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Published: February 20th 2018
Mantarays Beach Resort
The view from the dining patio across to the sea!
On the Ning Nang Nong, where the Cows go bong, and the monkeys all say Boo!
There's a Nong Nang Ning, where the Trees go Ping! And the Teapots jibber, jabber joo!
On the Nong Ning Nang, all the Mice go Clang! And you just can't catch 'em when they do!
So it's Ning Nang Nong, Cows go Bong,
Nong Nang Ning, Trees go Ping,
Nong Ning Nang, the Mice go Clang,
What a noisy place to belong,
Is the Ning Nang Ning Nang Nong!
I was reminded of this classic poem by Spike Milligan, as we left Perth today, to fly 800 miles north, straight up the coast of Western Australia, to the Ningaloo Reef Heritage Coast and, in particular, the small resort locations of Exmouth and Coral Bay. This area is on a peninsula of land ( a finger really) pointing up north from the main coast line and includes the Ningaloo Reef, supposedly a smaller, but less busy and less damaged version of the Great Barrier Reef. As we close in on the end of our journey, the plan was to have
The beach at Mantarays.....
5 days relaxation in this specific location, before we headed back to Perth for the final 3 days, followed by the long flight(s) home!
Our flight north was with Qantas in a Fokker 100 aircraft, scheduled to leave at 11.20 am, for the two hour flight to Learmonth airport, about 30 km south of Exmouth. We checked out of the Pan Pacific, having first reorganised our luggage so that we only needed to take one suitcase per couple on this leg. The Pan Pacific will store our remaining luggage, with the intention of having this waiting for us in our rooms, when we return to Perth next weekend. A taxi to the airport and through check in and security pretty quickly, although Sue's knee brace did set off all the alarms and did require a bit of 'closer attention' by security!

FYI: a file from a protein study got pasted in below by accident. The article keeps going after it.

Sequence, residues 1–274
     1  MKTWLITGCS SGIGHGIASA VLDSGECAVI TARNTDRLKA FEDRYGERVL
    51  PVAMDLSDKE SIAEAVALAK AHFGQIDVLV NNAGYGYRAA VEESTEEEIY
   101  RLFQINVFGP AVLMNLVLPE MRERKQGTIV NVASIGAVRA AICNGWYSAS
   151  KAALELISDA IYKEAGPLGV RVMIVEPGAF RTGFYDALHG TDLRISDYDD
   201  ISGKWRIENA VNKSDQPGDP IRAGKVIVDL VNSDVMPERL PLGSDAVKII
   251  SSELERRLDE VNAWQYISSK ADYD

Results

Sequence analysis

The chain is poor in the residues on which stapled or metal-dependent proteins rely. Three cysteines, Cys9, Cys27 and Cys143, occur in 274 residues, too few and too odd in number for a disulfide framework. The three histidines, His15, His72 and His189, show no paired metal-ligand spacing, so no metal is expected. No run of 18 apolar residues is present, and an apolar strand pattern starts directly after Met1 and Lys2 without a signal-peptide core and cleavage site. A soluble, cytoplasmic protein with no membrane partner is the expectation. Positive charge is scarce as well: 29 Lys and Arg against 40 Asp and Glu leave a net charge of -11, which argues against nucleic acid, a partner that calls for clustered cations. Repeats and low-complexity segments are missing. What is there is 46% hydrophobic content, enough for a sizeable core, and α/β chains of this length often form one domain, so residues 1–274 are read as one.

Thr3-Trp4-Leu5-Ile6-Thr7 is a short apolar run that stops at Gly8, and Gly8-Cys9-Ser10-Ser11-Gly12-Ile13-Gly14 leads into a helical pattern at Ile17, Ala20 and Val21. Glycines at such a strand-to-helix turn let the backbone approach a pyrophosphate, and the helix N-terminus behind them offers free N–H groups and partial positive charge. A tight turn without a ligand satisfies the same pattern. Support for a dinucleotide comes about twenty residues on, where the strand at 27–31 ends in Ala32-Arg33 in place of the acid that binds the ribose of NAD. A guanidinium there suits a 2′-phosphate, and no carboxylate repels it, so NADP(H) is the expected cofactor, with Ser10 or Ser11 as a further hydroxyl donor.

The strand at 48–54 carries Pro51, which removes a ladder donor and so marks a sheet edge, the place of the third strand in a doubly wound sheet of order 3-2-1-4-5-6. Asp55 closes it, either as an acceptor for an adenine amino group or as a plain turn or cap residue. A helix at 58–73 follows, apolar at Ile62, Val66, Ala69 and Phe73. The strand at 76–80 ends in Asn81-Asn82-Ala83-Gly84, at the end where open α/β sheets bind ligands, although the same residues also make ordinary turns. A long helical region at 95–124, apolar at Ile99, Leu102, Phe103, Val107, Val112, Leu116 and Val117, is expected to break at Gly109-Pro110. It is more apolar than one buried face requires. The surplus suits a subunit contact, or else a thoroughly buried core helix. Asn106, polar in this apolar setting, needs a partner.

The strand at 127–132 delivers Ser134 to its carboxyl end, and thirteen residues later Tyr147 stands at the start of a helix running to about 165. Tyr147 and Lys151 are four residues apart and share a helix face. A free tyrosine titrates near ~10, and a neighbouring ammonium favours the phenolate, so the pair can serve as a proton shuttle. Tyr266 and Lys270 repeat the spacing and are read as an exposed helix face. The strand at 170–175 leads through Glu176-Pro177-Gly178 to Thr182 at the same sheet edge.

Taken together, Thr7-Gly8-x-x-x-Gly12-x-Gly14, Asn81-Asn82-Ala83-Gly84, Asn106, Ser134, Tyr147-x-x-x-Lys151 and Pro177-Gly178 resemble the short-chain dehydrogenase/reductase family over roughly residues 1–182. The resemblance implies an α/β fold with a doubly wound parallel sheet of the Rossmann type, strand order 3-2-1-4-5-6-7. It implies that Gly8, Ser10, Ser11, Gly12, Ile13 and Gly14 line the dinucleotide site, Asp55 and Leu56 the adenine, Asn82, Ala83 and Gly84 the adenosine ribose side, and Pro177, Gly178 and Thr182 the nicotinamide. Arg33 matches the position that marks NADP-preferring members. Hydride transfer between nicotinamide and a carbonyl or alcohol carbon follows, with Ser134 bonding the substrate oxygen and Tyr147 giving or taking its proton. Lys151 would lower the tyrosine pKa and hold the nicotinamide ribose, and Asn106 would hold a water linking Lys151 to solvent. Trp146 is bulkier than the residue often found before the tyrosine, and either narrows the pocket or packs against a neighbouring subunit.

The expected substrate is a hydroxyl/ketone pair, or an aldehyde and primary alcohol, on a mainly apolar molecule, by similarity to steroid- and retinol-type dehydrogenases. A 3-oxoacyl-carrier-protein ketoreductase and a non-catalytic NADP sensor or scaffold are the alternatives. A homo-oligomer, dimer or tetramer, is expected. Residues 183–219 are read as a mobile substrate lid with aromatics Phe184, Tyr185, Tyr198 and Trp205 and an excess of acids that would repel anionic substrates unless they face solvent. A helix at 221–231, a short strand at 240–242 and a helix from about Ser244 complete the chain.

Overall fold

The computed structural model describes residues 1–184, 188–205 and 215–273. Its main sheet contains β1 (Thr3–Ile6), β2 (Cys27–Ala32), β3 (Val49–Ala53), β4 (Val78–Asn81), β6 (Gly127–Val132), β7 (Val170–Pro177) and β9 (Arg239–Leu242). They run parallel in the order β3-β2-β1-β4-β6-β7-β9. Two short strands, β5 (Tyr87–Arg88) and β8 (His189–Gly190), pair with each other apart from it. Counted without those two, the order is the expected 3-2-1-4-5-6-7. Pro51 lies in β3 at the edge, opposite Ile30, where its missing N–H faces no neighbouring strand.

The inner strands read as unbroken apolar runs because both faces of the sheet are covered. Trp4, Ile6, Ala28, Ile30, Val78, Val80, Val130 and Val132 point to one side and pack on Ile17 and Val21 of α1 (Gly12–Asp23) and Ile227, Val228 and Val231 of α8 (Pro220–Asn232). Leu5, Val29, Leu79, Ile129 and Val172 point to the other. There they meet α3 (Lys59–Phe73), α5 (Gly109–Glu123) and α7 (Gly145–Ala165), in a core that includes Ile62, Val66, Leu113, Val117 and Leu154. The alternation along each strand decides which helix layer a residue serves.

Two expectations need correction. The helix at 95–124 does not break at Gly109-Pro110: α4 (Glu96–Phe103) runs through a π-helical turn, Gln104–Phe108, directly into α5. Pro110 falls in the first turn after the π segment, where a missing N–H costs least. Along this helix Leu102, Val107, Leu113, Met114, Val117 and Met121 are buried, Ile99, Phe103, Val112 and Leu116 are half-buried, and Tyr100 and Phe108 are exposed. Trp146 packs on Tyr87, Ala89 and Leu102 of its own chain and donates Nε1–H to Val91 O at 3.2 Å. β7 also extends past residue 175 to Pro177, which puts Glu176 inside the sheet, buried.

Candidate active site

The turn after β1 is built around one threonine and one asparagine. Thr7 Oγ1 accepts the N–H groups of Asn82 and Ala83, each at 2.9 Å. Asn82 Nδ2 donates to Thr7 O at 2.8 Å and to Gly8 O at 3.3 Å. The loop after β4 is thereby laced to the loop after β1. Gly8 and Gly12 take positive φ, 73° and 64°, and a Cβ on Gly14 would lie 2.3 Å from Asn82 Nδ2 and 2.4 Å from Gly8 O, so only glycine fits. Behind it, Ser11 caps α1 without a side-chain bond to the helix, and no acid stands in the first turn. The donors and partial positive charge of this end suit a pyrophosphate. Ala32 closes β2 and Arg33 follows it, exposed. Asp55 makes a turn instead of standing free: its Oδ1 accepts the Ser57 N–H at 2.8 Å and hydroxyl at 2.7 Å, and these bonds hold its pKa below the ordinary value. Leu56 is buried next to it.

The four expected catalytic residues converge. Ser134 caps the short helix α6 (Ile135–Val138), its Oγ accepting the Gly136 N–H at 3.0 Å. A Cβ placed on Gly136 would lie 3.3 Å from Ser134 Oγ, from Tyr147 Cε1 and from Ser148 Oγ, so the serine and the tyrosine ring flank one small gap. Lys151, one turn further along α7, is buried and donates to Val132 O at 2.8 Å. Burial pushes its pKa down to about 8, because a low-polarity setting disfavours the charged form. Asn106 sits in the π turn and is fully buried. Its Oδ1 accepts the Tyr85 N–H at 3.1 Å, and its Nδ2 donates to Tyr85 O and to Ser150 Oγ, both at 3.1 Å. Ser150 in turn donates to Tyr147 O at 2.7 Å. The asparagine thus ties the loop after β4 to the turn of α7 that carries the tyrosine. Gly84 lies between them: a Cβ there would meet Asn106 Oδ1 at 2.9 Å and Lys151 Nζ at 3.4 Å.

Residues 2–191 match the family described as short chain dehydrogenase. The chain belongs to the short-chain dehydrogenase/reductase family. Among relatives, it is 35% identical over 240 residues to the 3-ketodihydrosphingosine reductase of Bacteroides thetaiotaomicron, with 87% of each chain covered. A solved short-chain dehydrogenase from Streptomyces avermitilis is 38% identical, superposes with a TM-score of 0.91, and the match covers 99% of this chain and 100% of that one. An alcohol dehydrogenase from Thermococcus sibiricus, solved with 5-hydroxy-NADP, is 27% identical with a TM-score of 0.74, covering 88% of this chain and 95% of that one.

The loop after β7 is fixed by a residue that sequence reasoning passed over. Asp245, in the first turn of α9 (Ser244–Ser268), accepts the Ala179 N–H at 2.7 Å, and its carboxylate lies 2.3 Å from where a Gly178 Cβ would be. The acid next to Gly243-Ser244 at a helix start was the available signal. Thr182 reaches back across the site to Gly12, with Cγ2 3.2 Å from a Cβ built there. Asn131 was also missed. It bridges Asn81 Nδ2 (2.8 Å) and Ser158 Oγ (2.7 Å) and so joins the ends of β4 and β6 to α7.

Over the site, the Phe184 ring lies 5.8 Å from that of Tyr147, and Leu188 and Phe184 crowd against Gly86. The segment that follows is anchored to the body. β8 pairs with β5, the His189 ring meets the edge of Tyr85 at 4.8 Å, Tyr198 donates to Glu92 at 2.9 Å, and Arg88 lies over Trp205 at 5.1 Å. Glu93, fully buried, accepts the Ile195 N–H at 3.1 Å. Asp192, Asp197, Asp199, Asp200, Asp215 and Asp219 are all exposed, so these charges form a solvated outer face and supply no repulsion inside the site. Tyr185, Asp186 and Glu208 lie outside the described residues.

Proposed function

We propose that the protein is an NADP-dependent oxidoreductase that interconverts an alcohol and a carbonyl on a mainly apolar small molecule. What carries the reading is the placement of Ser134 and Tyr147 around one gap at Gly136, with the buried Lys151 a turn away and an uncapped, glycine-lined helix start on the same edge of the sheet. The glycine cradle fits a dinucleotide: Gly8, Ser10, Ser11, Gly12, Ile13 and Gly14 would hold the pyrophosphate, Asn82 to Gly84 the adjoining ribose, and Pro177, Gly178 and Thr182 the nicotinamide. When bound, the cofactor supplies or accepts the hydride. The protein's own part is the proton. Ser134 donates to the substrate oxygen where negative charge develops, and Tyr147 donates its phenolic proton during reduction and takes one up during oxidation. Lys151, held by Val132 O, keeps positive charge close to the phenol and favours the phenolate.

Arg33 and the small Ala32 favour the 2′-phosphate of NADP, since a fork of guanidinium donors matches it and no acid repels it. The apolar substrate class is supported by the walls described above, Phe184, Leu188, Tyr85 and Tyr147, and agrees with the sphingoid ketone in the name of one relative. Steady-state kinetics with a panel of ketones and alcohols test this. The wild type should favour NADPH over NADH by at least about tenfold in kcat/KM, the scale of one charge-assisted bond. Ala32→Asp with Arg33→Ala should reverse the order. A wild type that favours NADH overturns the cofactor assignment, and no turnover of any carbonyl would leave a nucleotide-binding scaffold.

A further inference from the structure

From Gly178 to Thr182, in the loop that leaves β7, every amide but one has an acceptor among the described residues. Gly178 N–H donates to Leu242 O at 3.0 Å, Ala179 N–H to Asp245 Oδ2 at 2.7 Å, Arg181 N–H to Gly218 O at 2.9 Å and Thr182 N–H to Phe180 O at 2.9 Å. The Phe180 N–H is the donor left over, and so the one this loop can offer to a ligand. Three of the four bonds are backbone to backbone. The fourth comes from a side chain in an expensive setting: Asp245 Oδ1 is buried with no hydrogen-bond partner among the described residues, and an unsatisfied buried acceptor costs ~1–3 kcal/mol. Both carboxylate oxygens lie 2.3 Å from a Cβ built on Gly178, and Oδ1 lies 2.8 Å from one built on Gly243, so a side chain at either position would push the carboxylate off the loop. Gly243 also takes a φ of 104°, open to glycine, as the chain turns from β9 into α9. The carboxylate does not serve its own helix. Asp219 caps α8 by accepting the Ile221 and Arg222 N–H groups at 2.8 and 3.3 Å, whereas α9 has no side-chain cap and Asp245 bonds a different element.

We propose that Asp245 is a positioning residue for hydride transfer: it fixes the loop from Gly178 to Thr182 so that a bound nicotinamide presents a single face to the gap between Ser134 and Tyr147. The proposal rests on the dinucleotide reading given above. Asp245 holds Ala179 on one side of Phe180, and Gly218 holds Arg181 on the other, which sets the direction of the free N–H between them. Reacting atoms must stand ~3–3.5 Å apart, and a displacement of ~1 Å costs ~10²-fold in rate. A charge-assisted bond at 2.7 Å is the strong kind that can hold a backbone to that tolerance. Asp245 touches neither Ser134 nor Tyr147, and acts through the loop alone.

The Fokker 100 carries around 100 passengers and is configured slightly unusually, with 3 seats on one side of the aisle and 2 seats on the other. With the plane only about two thirds full, Tim had managed to get our seats reallocated so that Sue and Mandy shared 3 seats, thereby giving Sue a bit extra
......and the other way!
leg room, with Tim and I in individual seats in the 'twos'; we both had company for the flight though, Tim with a young lady called Becky in the last year of studying to be a Vet and me with a chap who is a Marine Pilot, navigating ships around tricky stretches of the Western Australia coast. Millan was flying north to supervise the refuelling of some ships off the Ningaloo coast and had flown this trip to Learmonth on many occasions in the past. As it turns out, he was staying in the same hotel as us (albeit for only one night) and, even more spookily, he ended up being next door to Mandy & I - we weren't sure who was stalking who! A very interesting chap, who was good company for the flight........although it did mean that I didn't manage to get any blogging done!!